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Guilty verdict

Chad Thompson could spend the rest of his life in jail after he was convicted Thursday for the brutal murder of his cousin, who was beaten to death with a hammer before his body was dumped in the Collins River.
Thompson, 34, was found guilty on charges of first-degree murder and facilitation of aggravated robbery for the November 2011 killing of his cousin, Tracy Martin, 38. The conviction brings an automatic sentence of life in prison, a sentence which will officially be imposed at 1 p.m., April 10 by Circuit Court Judge Bart Stanley.
In the meantime, Thompson will remain held without bond at Warren County Jail where he has been an inmate since his arrest for the murder last February.
Maintaining his innocence to the end, Thompson predicted he would not be convicted following the first day of his two-day trial.
“They don’t have anything,” Thompson said during a short conversation with the Southern Standard. “I told you I didn’t do it.”
In an interview with the Standard before his arrest, Thompson said was being followed and harassed by officers and was being blamed for a crime he did not commit. However, during trial officers said it was the other way around as Thompson seemed too interested in their investigation to be a casual bystander.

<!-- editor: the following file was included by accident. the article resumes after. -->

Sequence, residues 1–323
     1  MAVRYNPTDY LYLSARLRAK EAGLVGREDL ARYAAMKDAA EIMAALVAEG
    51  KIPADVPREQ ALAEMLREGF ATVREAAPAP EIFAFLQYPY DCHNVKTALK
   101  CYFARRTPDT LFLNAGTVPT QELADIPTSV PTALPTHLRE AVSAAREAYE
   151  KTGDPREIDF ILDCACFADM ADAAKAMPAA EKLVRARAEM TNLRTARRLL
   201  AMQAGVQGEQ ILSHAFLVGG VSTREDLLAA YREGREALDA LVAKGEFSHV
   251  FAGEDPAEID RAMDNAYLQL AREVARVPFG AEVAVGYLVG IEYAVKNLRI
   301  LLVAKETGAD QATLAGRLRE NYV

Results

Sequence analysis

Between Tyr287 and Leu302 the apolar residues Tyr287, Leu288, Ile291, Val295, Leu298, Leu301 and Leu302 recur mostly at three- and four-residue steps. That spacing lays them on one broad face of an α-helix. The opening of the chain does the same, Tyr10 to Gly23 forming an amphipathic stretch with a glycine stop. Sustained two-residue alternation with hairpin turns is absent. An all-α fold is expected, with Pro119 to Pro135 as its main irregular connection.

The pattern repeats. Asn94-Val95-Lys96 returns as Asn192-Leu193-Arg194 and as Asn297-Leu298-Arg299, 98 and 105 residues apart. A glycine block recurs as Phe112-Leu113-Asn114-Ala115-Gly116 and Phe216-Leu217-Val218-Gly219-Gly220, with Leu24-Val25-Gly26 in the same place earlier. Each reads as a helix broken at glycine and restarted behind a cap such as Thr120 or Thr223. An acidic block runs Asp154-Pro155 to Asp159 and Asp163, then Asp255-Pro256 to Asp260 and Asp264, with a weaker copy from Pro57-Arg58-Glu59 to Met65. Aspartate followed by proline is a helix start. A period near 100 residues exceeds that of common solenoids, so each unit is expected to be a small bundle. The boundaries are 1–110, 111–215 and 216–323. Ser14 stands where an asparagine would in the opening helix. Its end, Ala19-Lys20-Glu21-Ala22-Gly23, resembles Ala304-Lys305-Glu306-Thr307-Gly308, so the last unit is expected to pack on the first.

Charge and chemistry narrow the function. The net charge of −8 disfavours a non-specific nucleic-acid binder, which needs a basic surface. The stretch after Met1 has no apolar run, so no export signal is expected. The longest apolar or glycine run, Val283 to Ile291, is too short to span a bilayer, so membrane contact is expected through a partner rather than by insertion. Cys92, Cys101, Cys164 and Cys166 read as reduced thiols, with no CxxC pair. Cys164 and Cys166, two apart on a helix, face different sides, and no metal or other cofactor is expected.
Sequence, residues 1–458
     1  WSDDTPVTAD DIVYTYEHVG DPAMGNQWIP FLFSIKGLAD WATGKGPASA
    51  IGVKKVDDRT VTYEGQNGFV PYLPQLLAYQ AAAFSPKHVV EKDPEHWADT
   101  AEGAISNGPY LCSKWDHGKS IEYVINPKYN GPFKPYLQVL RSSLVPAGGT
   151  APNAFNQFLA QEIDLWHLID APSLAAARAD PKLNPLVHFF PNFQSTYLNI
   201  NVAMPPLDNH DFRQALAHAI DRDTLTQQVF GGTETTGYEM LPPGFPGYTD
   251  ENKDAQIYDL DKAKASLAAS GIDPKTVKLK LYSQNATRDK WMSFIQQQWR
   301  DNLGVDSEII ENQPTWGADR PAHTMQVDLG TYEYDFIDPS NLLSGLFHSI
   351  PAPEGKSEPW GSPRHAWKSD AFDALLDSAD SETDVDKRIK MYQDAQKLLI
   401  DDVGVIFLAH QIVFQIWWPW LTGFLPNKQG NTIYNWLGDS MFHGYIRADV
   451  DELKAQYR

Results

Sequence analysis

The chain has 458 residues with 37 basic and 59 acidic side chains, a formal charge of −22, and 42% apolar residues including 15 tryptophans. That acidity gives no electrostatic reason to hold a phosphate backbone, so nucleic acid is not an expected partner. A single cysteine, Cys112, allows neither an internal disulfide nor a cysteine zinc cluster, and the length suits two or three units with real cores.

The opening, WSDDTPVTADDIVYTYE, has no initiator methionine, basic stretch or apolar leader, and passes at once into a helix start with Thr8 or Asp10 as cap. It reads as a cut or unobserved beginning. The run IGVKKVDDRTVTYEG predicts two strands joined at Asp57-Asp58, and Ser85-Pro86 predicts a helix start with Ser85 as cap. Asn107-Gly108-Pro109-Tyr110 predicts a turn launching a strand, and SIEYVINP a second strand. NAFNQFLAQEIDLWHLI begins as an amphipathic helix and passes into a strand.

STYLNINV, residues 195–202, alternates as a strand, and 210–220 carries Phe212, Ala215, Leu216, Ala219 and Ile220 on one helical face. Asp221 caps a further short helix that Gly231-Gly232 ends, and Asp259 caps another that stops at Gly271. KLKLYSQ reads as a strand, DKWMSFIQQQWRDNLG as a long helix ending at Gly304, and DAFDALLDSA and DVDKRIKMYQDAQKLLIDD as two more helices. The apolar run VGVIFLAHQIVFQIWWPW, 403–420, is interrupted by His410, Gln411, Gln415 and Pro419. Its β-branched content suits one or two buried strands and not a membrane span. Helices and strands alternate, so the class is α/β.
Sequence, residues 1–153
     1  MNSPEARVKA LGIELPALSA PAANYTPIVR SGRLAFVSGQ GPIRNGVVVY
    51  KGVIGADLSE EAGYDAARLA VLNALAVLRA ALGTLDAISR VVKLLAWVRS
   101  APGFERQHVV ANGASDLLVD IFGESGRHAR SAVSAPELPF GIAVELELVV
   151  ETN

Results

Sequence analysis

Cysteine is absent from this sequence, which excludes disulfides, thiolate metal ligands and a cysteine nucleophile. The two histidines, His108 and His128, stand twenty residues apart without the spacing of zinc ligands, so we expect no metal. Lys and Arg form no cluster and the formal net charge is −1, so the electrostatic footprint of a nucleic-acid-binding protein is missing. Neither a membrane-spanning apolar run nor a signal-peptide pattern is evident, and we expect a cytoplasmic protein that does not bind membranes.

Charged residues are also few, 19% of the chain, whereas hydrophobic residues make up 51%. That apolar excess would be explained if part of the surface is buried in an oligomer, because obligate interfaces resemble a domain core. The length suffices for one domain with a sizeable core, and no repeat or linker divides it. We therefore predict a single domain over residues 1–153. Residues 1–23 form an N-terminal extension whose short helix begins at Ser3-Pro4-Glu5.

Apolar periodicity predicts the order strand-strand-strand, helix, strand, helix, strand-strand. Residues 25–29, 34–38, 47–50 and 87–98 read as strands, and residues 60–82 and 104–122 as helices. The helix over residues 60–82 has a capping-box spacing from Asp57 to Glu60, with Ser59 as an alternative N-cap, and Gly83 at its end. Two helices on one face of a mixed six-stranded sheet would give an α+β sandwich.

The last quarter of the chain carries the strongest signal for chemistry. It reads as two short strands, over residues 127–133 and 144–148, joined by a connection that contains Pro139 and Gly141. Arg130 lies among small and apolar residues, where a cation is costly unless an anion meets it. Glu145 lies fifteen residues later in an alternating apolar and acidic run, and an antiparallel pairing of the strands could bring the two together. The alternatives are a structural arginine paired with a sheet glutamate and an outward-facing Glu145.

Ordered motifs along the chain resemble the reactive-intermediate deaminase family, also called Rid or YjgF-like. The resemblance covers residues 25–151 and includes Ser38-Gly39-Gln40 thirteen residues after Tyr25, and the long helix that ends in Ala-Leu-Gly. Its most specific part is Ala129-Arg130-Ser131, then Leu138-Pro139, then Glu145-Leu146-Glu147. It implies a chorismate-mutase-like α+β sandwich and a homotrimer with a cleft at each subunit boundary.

“He was always lurking in the shadows,” said sheriff’s chief investigator Marc Martin, who felt he and other officers were being stalked by the suspect while they were pursuing leads in the homicide. “He would call and try to milk me for information.”
Investigator Steven Carpenter said Thompson was shadowing him when he went to speak to a member of the suspect’s family concerning the case. In that instance, Carpenter said when Thompson realized he had been spotted he fled, prompting a chase. He was caught behind Arms Apartments.
“I asked him why he ran,” Carpenter said. “He told me he thought we were there to get him.”
At other times, investigator Bo Ramsey said Thompson would “keep showing up” when he was working on the case. In one instance, when he was talking to Thompson’s mother, the suspect came in and started yelling at him.
“He was irate that I was talking to his mother,” said Ramsey, noting Thompson then stood over him trying to look at his notes before he was ushered out of the apartment.
Thompson’s conviction came following four hours of deliberation by the nine-man, three-woman jury that heard two days of testimony. The defense decided not to present any witnesses with Thompson opting not to testify in his own behalf.

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